Wednesday, July 27, 2016

The Tragedy of the Cap Arcona

The Cap Arcona, launched in May 1927, was a passenger ship of the “Hamburg-South America” line. South American vacations were popular in Germany. Until the outbreak of war in 1939, the Cap Arcona had sailed regularly between Hamburg and Rio de Janeiro.
During the war years, the ship served as a floating naval barracks in Gotenhafen, near Danzig on what is now the Polish coast. With no upkeep, it was rusting, and the engines barely functioned. The ship was hardly seaworthy.
At the war’s end, thousands of refugees fled from areas in the east threatened by the Red Army. Admiral Karl Dönitz organized a vast rescue operation, and the Cap Arcona was drafted to take part, even though its engines . All but unknown in the United States today, this great undertaking saved countless lives. The Thielbek, a much smaller ship of 2,800 gross registered tons, was also used to transport refugees as part of the rescue operation.
In April 1945, the Cap Arcona and the Thielbek were ordered to Neustadt Bay in the Baltic Sea near the north German city of Lübeck. Over 5,000 prisoners hastily evacuated from the Neuengamme concentration camp (near Hamburg) were brought on board the Cap Arcona between April 18 and 26, along with some 400 SS guards, a naval gunnery detail of 500, and a crew of 76. The Thielbek took on some 2,800 Neuengamme prisoners. Under the terrible conditions that prevailed in what remained of unoccupied Germany during those final weeks, conditions for the prisoners on board the two vessels were dreadful. Many of the tightly packed inmates were ill, and both food and water were in very short supply.
On the afternoon of May 3, 1945, British “Typhoon” fighter-bombers, striking in several attack waves, bombarded and fired on the Cap Arcona and then the Thielbek. The two ships, which had no military function or mission, were flying many large white flags. “The hoisting of white flags proved useless,” notes the Encyclopedia of the Third Reich. The attacks were thus violations of international law, for which – if Britain and not Germany had been the vanquished power – British pilots and their commanders could have been punished and even executed as “war criminals.”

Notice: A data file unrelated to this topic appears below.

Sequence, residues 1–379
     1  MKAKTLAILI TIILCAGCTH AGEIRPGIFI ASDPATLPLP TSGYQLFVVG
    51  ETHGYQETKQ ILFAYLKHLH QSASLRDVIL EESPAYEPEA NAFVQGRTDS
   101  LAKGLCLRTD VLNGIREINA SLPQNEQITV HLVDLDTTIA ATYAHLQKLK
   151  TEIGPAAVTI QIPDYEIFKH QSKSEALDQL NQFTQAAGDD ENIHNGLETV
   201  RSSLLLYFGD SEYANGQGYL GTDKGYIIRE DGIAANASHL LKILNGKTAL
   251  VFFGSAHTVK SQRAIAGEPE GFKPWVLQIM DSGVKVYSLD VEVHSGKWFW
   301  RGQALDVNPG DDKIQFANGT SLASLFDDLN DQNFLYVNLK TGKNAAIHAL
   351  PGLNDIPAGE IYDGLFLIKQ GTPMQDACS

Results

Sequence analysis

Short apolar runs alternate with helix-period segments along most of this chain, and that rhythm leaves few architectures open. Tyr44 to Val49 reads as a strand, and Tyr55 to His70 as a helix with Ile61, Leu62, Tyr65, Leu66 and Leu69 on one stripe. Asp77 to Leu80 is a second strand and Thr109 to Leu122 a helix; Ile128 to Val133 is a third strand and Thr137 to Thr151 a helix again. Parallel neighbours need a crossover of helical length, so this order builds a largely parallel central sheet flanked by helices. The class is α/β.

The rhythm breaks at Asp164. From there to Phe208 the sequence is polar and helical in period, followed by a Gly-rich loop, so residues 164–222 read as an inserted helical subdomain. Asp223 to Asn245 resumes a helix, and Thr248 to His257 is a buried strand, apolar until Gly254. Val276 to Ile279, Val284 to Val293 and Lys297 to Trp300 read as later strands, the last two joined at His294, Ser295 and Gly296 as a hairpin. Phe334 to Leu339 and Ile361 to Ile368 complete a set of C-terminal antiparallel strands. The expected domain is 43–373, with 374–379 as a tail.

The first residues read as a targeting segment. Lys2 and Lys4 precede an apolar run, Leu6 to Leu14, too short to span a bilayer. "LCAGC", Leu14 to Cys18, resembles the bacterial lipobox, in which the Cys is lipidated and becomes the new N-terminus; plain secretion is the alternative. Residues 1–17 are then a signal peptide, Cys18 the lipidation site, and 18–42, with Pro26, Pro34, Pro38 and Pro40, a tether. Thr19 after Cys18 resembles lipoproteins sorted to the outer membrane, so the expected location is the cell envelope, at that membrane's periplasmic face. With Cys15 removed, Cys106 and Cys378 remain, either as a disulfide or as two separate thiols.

The Thielbek, struck by rockets, bombs and machine gun fire, sank in just 15-20 minutes. British planes then fired on terror-stricken survivors who were struggling in rescue boats or thrashing in the cold sea. Nearly everyone on board the Thielbek perished quickly, including nearly all the SS guards, ship’s officers and crew members. Only about 50 of the prisoners survived.

The burning Cap Arcona took longer to go under. Many inmates perished in the fires. Most of those who were able to leap overboard drowned in the cold sea, and only some 350-500 could be rescued. Many of those who made it to shore were shot or clubbed to death by Nazi patrols or naval cadets. During the next several days, hundreds of corpses washed up on nearby shores, and were buried in mass graves. Having sunk in shallow water, the wreck of the capsized Cap Arcona remained partially above water as a grim reminder of the catastrophe.
The deaths on May 3, 1945, of some 7,000 concentration camp prisoners – victims of the British attack – remains little-known. Why did the British attack the ships? They had been notified that the ships held prisoners. But RAF personnel failed to pass the word along to the pilots. The pilots didn’t learn what they had actually done until decades later.
The Cap Arcona, which portrayed the Titanic in the German propaganda film, was a far worse disaster than the 1912 sinking, which claimed only 1,517 lives.

Wednesday, July 20, 2016

The Nazi's Titanic

Josef Goebbels was a failed writer and Adolf Hitler was a failed artist, but they saw themselves as film connoisseurs. They saw as many films as possible, many of which were not permissible in Nazi Germany because of Goebbels’ censorship laws.
Goebbels noted that American action and dramatic films were far more successful than those his propaganda ministry produced. Films like Casablanca, a blockbuster that gave a negative image of the Nazis. He recognized that his propaganda efforts were too heavy handed and obvious in their message.
After much study of American films, he decided he would create a Hollywood on the Rhine. And since the American film industry was populated by many successful Jewish directors, actors, producers, and scriptwriters, his films would be superior.
German screenwriter Harald Bratt wanted to create a movie based on Josef Pelz von Felinau’s 1936 book, Titanic: Tragedy of an Ocean Liner. Goebbels heartily approved. Their film would embarrass and demoralize the British, tarnishing their reputation and isolating them from the international community.